By Miguel Lo Bianco and Agustin Geist
BUENOS AIRES (Reuters) – Ernesto Fabián Aguirre, a gravedigger in the Memorial cemetery in the suburbs of Argentine capital Buenos Aires, feels like he is going into battle every day as the country’s coronavirus death toll mounts amid a new wave of infections.
Argentina’s gravediggers are threatening to strike over demands that cemetery workers burying the dead are vaccinated against COVID-19, a test for the South American country’s government which has faced hold-ups to its vaccine roll-out.
“We face a daily war in this place,” Aguirre told Reuters. “The fear is real, that’s why we want the vaccine to arrive for everyone so that, at least, we can live a couple more years,” he said with a wry laugh.
Argentina is seeing a sharp second wave of the pandemic, with the average daily death toll hitting a record at over 450 lives lost a day. The country has recorded over 70,000 deaths since the pandemic hit. Daily new cases now average just below 25,000, prompting calls for tighter restrictions.
Meanwhile the country’s inoculation campaign has only fully inoculated 4.5% of the population and 18% has received at least one dose, according to a Reuters analysis. At an average of 132,000 doses given per day, it will take another 69 days to inoculate another 10% of the population.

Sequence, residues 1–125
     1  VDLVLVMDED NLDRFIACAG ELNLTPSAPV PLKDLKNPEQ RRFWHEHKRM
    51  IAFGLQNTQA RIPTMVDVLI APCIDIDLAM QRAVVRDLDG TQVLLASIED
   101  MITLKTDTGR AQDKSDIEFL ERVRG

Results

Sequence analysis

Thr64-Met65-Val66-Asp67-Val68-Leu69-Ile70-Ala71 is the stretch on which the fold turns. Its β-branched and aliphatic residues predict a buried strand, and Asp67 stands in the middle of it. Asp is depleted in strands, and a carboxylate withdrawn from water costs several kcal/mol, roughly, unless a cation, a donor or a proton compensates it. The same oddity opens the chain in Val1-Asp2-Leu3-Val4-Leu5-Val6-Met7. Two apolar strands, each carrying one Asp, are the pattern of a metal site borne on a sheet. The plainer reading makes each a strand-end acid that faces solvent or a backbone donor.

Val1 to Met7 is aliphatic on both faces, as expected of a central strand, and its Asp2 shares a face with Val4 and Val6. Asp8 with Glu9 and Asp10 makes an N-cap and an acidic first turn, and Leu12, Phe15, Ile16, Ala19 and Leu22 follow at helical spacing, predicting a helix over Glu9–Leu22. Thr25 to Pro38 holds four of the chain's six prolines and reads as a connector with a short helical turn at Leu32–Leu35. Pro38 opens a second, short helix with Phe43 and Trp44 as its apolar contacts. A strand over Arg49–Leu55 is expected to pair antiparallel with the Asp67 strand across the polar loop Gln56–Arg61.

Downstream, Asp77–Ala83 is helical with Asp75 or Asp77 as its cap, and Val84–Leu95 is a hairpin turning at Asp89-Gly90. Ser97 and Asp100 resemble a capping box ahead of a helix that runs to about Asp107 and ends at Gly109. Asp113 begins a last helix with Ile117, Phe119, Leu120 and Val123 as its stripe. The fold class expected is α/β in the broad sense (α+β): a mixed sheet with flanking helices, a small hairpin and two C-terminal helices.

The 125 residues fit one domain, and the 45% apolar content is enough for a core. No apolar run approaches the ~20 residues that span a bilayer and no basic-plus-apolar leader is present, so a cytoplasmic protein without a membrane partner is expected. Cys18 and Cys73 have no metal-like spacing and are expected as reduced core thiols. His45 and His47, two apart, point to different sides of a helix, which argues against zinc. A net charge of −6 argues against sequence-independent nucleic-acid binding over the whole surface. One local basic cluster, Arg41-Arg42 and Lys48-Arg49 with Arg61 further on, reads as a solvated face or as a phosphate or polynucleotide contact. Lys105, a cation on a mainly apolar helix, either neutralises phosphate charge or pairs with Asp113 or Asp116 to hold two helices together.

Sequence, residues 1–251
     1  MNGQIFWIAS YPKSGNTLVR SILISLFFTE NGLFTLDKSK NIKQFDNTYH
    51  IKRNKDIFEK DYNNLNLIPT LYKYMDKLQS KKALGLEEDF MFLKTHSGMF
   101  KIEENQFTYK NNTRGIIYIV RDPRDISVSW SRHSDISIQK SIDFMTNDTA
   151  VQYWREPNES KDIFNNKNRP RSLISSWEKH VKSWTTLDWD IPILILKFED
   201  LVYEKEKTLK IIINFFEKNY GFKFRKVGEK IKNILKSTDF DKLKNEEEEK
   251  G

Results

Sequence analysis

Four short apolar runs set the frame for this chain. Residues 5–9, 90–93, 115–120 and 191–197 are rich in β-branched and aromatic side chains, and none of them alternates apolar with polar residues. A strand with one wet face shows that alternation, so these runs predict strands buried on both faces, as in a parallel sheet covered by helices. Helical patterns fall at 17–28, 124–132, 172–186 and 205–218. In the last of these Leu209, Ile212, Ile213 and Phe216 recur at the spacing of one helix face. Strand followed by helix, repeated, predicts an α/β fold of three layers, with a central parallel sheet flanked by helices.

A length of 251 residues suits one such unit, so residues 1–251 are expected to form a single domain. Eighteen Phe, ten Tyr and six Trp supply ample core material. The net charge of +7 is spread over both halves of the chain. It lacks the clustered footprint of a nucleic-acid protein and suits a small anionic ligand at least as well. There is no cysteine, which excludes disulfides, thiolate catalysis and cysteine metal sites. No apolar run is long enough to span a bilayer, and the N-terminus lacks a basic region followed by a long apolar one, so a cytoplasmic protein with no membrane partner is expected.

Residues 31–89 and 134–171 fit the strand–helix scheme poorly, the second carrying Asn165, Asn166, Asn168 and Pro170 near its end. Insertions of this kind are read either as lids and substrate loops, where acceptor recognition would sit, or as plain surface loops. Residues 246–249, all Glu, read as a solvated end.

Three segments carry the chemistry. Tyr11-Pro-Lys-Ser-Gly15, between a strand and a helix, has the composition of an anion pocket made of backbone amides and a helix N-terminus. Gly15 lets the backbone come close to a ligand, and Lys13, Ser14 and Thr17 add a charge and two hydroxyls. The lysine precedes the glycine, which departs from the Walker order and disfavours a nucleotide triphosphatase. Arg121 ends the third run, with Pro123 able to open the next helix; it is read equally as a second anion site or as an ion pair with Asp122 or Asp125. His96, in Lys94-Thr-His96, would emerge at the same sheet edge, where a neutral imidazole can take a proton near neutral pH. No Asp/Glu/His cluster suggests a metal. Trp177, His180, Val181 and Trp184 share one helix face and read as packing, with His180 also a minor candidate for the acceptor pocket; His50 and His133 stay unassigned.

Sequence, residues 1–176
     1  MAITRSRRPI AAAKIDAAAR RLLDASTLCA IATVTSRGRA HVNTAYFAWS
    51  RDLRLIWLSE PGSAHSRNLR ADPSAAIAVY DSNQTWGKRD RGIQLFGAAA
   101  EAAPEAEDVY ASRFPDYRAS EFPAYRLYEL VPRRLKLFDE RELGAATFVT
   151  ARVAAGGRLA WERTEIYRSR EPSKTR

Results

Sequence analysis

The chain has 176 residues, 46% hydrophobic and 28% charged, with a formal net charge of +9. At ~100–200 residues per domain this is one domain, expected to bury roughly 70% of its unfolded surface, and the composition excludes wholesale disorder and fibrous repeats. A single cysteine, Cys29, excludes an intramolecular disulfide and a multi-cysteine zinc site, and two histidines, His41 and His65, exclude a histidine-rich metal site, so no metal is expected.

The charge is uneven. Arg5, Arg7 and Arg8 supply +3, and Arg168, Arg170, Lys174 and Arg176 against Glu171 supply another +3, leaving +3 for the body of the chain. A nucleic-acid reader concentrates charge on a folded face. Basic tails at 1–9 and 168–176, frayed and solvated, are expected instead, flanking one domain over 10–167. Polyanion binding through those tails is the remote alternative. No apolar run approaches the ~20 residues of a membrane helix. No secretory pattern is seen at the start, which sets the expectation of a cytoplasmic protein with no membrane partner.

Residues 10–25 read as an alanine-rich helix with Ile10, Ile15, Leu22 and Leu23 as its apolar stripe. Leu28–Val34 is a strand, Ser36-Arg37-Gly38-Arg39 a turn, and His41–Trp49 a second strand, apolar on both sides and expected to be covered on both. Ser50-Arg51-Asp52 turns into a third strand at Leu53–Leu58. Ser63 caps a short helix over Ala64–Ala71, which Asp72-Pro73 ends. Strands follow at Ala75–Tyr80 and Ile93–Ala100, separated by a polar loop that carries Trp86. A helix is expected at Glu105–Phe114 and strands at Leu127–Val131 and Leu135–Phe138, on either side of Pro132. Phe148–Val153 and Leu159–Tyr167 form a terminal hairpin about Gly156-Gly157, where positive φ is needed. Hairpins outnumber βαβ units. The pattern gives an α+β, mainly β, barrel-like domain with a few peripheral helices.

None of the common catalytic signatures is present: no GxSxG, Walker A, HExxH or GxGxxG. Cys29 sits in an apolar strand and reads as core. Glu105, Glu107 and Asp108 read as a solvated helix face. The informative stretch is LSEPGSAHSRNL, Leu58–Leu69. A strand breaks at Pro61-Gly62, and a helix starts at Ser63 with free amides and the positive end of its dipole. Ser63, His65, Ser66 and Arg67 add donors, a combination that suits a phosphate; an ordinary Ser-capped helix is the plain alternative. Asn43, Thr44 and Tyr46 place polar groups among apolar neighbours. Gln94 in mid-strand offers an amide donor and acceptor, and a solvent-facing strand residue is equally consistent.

Argentina’s union representing cemetery, crematorium and funeral workers has threatened a national strike if it does not reach a deal with the government on vaccines. The strike could start this week after a government-enforced conciliation period ends.
The burial protocol for COVID-19 victims involves disinfecting and handling the coffin, where workers have to wear protective gear including body suits, face masks, goggles and gloves.
“It is a very hard work every day and I would like if it could be possible for us to be vaccinated because each day we have to take good care of ourselves and the COVID-19 issue is raging,” said Juan Polig, the cemetery’s manager.
Polig explained that beyond the physical risk of infection, workers had to deal with the emotional pain of consoling relatives and having to restrict how many family members can visit the grave due to COVID protocol measures.
“It’s hugely sad and complicated,” he said.
(Reporting by Miguel Lo Bianco and Agustín Geist; Writing by Eliana Raszewski; Editing by Adam Jourdan and Lisa Shumaker)